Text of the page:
Kate O’Driscoll sued Argosy University, Education Management Corp, and Dr. Dale Septeowski in Federal Court.
Argosy, a for-profit chain college founded in 2001, has 23 campuses in 12 states and the District of Columbia and operates on the Internet, according to its website.
O’Driscoll says Sepetowski was chairman of the counselor education program at the campus where she was pursuing her master’s degree.
“O’Driscoll has completed all requirements for a master’s degree from defendant Argosy, including coursework with a GPA of 3.7, and over 1,200 hours of internship at two approved sites. Argosy, however, refuses to award her degree,” O’Driscoll says in the 41-page complaint.
“Defendants wrongfully terminated plaintiff from her degree program [in 2011], purportedly because she had not ‘completed the requirements for graduation’ for the Master of Arts in Community Counseling program. This was false and pretextual,” the complaint states.
The real motivation was O’Driscoll’s complaints against Dale Sepetowski, “who made degrading remarks concerning women students in his classes, including disparaging remarks about pregnant students. O’Driscoll objected to these remarks as discriminatory,” the complaint states.
O’Driscoll says she was called before the Student Professional Development Committee in June 2009 (SPDC) and accused of communicating unprofessionally with faculty and students.
“During this unjustified, retaliatory meeting, O’Driscoll was forced to sit directly next to Dr. Sepetowski himself, in derogation of Argosy protocol. Dr. [Juliana] Robinson and Dr. [LaDon] Jackson, concerning whom O’Driscoll had also complained, were also in attendance, and Dr. Jackson chaired the meeting.
“During the June 9, 2009 meeting, Dr. Septeowski sat and glared at O’Driscoll in an intimidating manner, reducing O’Driscoll to tears.
“During the June 9, 2009 SPDC meeting, the SPDC refused to hear O’Driscoll’s proffer of evidence of Dr. Sepetowski’s sexual harassment and gender discrimination. Dr. Jackson told her, in a demeaning tone, ‘Absolutely not. This is not the place to discuss such things.’
“During the June 9, 2009 SPDC meeting, Dr. Robinson, who had never met O’Driscoll before, stated repeatedly, in a demeaning and disrespectful manner, that O’Driscoll had a severe ‘personality problem,’ said O’Driscoll needed ‘counseling,’ and asked ‘how did you plan on correcting yourself?’
“Dr. Robinson had never conducted a psychological evaluation of O’Driscoll, and had no basis for ‘diagnosing’ her,” O’Driscoll says.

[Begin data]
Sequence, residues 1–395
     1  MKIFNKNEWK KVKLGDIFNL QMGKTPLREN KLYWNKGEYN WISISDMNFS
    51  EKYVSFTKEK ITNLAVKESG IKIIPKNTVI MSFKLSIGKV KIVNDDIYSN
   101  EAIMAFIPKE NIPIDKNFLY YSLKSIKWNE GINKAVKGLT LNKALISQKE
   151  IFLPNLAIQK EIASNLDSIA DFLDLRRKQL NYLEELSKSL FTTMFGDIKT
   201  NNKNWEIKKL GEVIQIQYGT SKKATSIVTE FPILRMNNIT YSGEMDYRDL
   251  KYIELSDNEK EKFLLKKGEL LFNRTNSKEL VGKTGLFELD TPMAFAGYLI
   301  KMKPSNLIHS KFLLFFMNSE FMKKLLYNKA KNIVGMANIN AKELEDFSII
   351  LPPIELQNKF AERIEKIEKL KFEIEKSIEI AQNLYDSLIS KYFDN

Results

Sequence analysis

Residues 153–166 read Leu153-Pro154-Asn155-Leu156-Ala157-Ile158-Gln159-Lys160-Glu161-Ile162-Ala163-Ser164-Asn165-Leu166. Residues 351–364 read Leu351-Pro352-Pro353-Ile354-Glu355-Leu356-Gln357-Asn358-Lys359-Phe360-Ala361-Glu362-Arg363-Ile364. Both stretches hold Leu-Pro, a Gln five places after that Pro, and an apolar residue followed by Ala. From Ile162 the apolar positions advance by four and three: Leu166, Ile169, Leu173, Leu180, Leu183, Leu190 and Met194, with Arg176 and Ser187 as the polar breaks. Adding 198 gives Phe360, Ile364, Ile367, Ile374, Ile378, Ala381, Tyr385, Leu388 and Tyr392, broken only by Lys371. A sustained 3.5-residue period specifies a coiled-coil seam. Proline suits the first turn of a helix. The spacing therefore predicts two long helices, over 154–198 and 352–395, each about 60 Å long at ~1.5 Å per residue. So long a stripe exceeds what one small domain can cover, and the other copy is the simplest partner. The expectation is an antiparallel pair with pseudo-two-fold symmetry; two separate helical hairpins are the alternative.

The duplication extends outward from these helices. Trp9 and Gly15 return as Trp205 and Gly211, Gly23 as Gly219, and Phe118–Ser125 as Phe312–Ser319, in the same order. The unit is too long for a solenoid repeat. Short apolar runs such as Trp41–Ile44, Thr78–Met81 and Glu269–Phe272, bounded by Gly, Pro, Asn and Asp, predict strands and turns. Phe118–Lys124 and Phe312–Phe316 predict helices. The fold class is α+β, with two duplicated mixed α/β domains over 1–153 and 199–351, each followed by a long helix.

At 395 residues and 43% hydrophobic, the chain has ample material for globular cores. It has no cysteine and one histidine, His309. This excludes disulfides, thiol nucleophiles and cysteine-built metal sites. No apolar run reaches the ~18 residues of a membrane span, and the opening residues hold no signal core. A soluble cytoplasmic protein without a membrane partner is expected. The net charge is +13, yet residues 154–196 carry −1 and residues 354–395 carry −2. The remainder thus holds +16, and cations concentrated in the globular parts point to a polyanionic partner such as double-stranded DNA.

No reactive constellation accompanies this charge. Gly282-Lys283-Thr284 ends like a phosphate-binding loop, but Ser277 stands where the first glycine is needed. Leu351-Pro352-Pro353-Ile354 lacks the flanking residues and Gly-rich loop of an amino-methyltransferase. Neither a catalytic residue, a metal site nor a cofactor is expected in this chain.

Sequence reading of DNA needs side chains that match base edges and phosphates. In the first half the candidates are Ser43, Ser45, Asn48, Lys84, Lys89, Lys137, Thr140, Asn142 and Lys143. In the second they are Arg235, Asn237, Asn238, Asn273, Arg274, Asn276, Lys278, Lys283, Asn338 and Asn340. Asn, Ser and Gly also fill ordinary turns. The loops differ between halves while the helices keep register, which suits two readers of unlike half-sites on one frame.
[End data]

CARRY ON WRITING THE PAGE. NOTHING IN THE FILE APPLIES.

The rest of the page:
At a September meeting, where O’Driscoll appealed her C- grade in Sepetowski’s Career and Lifestyle class, “she was asked four different times to discuss details of her supposed medical condition. When she refused, the Committee made it clear that she was ‘disappointing’ them by not divulging her confidential information,” the complaint states.
The SPDC recommended that “O’Driscoll should engage in ‘personal therapy to address some of your ‘boundary issues’ as it related to how you take on concerns of other students’ and to focus on her ‘limitations and responsibilities, especially in the area of your interpersonal relating skills when confronted with issues from authority figures,'” O’Driscoll says.(Empty brackets in complaint.)
In January 2010, “on an elevator trip at Argosy, Dr. Jeffery Edwards purported to ‘diagnose’ O’Driscoll with a mental disorder, Narcissistic Personality Disorder, in the presence of two other students. O’Driscoll asked him to stop, but he refused.
“Dr. Edwards, a professor in the M.A.C.C. [Master of Arts in Community Counseling], was a personal friend and employee of Dr. Septeowski.
“Dr. Edwards had never done a psychological evaluation of O’Driscoll, and his purported ‘diagnosis’ violated professional ethics,” according to the complaint.
When she complained about Edwards’ behavior, the school told her that “she was in violation of the SPDC remediation plan in complaining about Dr. Edwards’s wrongful ‘diagnosis,'” according to the complaint.
O’Driscoll claims: “On March 11, 2011, O’Driscoll was retaliatorily dismissed from the M.A.C.C. Program at Argosy, and consequently denied the award of her M.A. degree, due, inter alia, to her complaints of sexual harassment and gender-based discrimination, and her support of other students bringing such claims, and her assertion of her rights under the Americans with Disabilities Act and Section 504 of the Rehabilitation Act.”
She claims she was denied employment at three jobs because Argosy refused to grant her a degree.
She seeks lost wages and damages for retaliation, discrimination, breach of contract, fraud, and tortious interference.
She is represented by Elaine Siegel.
Argosy was one of 15 for-profit chain colleges named in a blistering Government Accountability Office report in August 2010.
Argosy, part of the Education Management Corp., which then claimed to have 136,000 students, was accused, along with other giant chain colleges, of encouraging its recruiters to defraud prospective students about financial aid, tuition costs, and post-graduation job prospects.
Also scorched in the GAO report were the chain colleges University of Phoenix (400,000+ students), Kaplan College (119,000 students), and Corinthian Colleges (110,000).
The GAO report caused the stock price of many chain colleges to drop, and led to a slew of shareholders class actions and class action fraud complaints by students. But aside from jawboning, Congress took few no steps to rein in the alleged wrongdoing.
Chain colleges and Internet colleges boomed after powerful House Republican leader Tom DeLay led a charge to deregulate them in the early 2000s.
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